Now, certainly it's easier to say you have a great exit strategy than it is to actually execute a great exit strategy. I think one of the most interesting questions as we go into the next two or three years, if we do see those employment numbers get a lot better, how exactly the Fed pulls themselves out of this, and how they retract really the incredible expansion of their balance sheet over the last few years into a more normal level and keep price levels from really moving very, very rapidly up. I know it's a big concern for investors, and I think it's certainly one that the Fed is going to have to be very strong on when they decided to exit from these strategies.
Stipp: So you mentioned that the Fed is going to do this until it starts to work, but my question to you is, will it work and can this program by itself actually get us where we need to go as far as the employment growth that we want to see?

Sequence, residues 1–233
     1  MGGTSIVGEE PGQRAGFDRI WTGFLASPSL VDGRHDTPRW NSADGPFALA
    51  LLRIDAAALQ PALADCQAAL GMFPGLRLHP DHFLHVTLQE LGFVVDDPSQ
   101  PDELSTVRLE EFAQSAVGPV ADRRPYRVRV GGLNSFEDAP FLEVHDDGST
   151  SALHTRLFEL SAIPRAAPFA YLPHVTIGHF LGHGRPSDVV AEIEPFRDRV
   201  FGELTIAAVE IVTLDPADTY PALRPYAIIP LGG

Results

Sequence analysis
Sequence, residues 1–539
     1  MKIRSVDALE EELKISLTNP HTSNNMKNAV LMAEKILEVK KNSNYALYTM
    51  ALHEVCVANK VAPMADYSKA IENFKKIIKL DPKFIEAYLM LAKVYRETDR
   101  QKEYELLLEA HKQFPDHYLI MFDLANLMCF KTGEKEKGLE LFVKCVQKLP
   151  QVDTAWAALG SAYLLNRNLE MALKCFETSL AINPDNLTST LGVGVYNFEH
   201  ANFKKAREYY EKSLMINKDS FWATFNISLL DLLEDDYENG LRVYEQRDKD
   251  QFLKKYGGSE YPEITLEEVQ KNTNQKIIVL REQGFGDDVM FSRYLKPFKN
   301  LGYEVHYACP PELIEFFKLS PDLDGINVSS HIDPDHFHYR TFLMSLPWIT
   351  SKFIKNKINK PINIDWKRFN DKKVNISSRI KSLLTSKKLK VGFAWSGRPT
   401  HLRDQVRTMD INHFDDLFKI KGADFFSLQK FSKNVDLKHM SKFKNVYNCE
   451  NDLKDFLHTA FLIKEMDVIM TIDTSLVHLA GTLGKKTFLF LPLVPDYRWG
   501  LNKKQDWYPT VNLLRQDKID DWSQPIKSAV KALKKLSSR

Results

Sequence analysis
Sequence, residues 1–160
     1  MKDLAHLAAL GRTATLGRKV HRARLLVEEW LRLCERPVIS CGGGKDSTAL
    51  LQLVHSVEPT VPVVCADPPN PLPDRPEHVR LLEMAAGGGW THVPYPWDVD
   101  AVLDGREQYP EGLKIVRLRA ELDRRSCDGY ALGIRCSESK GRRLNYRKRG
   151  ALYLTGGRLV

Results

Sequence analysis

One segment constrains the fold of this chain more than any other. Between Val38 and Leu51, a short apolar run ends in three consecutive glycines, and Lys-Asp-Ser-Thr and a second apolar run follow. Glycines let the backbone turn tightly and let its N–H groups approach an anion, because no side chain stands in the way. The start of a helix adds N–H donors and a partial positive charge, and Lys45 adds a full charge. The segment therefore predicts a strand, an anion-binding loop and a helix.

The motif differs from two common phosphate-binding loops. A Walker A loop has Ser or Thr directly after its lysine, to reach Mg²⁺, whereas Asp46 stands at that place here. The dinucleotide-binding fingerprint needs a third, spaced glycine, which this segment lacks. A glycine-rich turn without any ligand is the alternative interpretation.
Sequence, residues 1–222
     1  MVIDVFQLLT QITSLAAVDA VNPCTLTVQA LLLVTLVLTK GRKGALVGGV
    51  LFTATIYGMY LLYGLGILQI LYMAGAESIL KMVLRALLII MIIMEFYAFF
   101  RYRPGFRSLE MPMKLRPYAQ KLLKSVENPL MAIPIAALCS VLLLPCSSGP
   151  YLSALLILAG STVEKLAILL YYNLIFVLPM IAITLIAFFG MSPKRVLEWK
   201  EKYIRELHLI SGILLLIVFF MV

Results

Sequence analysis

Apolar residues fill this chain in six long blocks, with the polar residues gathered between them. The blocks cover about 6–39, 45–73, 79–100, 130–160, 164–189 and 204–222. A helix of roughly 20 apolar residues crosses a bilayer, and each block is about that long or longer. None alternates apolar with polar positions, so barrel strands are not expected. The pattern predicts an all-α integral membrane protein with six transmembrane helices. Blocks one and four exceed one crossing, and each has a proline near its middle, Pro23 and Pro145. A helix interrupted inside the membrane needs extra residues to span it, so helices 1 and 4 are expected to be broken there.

Glaser: The Fed can't do all the heavy lifting themselves. I think that they've structured this program in a way that can increase its effectiveness. I think they've really thought about the problem they want to solve, unemployment. How they are going to solve it, through the housing market. I think certainly they're trying to target it, but it's still a blunt instrument, and you still have a lot of other worries out there. You have the fiscal cliff that's coming in January that Congress needs to solve. I think there's been a lot of progress in Europe, but certainly there's still a potential of a shock from Europe. Emerging markets, the growth there could be slowing--we don't really know--but certainly that could be a shock that could hurt the United States economy.
Just this program alone is not going to magically take us back to a 4% unemployment rate and we're going to see everything look great. Is it a step in that direction? I think it is. Does it create some room for other policymakers and for businesses to really start to make even more strides toward recovery? Absolutely. But it certainly can't do it on its own.
Stipp: Well, it sounds like some distinctive action by the Fed, some bold action by the Fed. Still a lot of question marks. Thanks for helping us parse that announcement today.
Glaser: You're welcome, Jason.
Stipp: For Morningstar, I'm Jason Stipp. Thanks for watching.